Here’s a question. To whom do followers of material science turn to on subjects as forestry and mining? Called “objective” this is usually done in-house with other academics based on the assumption science is all. How complete or objective is it when knowledge is done by remote? Is the academic a clairvoyant able to know from afar more than those who daily live and work in the field? Pause a moment. If you know loggers you’re aware they know a great deal about their resource. Working in it day on day for years in all seasons and weathers how could they not be well grounded? They know their stuff, often with passionate dedication. I’ll grant you loggers and miners are often skilled at hiding their passion, but it’s there no less. Arrogance and lack of objectivity exclude their voices as unschooled and unfit. Is that scientific assessment or dogmatic bias? When handled as dogma science assumes articles of faith.
Material science is successful, but with attached costs. Stressing bits, pieces, and measurement science loses sight of connections. Doing so it underrates or misjudges the whole. With book versions of resources prevailing a broader view gets set aside and science becomes political. This shows in attitudes such as logging despoils forests and pillage land for profit. Mining consumes resources and pollutes the earth for greed. This is a view that separates the activity from the people who do it and from the consumer. Logging requires loggers as mining has to have miners. In the sci-god world loggers and miners are devils working with ill intent. (The science-god world view is superficially objective but inwardly emotional.) Loggers and miners may not appear so in the educated sense, but they know and love the resources they work with on a level not limited by academics alone.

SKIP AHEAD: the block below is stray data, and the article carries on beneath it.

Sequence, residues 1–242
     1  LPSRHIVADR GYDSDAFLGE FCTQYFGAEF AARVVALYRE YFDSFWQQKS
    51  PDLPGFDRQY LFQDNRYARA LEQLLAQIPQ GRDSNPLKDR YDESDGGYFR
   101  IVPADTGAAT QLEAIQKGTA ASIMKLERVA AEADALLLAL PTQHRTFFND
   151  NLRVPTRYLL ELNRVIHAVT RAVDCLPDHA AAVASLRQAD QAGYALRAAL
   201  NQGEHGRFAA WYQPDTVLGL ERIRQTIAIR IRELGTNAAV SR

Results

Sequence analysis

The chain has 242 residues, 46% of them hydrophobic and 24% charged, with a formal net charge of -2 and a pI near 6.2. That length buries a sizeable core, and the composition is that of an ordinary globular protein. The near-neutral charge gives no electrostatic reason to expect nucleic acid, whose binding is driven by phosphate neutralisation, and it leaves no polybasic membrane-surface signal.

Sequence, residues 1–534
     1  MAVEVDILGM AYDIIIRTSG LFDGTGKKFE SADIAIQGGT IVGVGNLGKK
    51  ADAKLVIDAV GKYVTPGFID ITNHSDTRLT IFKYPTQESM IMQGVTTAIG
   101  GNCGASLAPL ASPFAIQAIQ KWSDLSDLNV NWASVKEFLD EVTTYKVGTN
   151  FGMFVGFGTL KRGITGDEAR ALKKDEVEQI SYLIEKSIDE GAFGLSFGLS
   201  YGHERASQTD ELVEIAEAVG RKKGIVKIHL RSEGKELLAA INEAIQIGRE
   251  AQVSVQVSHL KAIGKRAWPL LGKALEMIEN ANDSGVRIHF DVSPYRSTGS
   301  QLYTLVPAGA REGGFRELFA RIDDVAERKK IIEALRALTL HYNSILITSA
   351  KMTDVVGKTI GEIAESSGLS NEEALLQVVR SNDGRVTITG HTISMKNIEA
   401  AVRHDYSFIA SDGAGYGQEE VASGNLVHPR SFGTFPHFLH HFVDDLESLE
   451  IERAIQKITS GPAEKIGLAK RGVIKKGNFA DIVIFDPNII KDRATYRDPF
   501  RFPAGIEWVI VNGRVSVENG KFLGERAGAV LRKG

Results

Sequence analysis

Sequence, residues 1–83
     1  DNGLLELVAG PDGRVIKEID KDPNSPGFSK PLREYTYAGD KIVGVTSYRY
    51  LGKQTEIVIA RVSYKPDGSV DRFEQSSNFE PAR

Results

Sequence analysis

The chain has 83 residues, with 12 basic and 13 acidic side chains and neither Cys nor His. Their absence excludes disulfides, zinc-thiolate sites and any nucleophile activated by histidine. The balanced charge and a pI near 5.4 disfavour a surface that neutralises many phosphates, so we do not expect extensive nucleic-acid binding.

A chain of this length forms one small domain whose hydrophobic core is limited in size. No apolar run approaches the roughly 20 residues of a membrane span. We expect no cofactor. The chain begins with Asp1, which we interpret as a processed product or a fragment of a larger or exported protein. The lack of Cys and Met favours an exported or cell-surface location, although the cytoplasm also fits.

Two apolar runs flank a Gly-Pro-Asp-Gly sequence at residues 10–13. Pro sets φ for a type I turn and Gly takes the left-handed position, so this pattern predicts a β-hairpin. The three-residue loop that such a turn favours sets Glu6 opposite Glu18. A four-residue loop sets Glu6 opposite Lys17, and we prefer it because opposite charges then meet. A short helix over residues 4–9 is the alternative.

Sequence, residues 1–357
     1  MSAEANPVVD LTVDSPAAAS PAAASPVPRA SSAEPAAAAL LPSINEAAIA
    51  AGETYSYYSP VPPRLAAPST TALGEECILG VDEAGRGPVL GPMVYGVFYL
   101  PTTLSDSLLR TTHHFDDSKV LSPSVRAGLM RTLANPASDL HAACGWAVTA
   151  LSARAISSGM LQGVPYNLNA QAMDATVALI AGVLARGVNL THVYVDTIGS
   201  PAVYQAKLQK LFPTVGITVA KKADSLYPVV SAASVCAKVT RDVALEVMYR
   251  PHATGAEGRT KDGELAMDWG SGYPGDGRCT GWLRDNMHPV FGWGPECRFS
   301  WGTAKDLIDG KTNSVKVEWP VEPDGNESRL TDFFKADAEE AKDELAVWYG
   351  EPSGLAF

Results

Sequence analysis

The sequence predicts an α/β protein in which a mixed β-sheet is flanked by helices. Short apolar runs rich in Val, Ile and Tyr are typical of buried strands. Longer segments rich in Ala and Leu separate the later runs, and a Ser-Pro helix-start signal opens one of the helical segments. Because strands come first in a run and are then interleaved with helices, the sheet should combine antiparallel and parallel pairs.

Resources are used and needed by the population in general and are not just for use of loggers and miners. The “habit” of science, however, dissects big things into smaller, more manageable parts. In that view human life becomes atoms, enzymes, proteins, and electro-chemical signals. But does division into parts tell us anything useful about living? If humanity is so much “stuff” it seems to me left at the mercy of a priestly ministerial class of university trained scientists robed in cardinal red. I know it sounds unreasonable to point at what we like to think as hard science and say it contains more dogmatic belief than we wish to acknowledge. If nothing else from my doing so I’d hope readers will consider the possibility of assumed truth appearing as firm reality. Recall that for much of its history the Christian church wrangled over whether the universe was finite or infinite, meaning there are philosophical (theological) issues of long standing. A century ago the Big Bang Theory arose. Advanced by an astronomer priest the Bang was welcomed by organized religion and scorned by much of science for the same reason. The Bang is effectively a miraculous cause. Current science sidesteps that problem with the position that after the Bang all matter and etc. existed and operated according to the “laws” we see today. Where were those laws pre-Bang, and if you allow one miracle might you not expect others? Material science can’t answer any more than it can constitute a new species of frog from a collection of frog molecules.
Science as we do it is extremely useful and successful, but measurement doesn’t explain origins. Consider two views. A creator made heaven and earth, male and female. A Bang created infinite parallel universes and multiple genders. The difference between these, seems to me, is who plays god and why.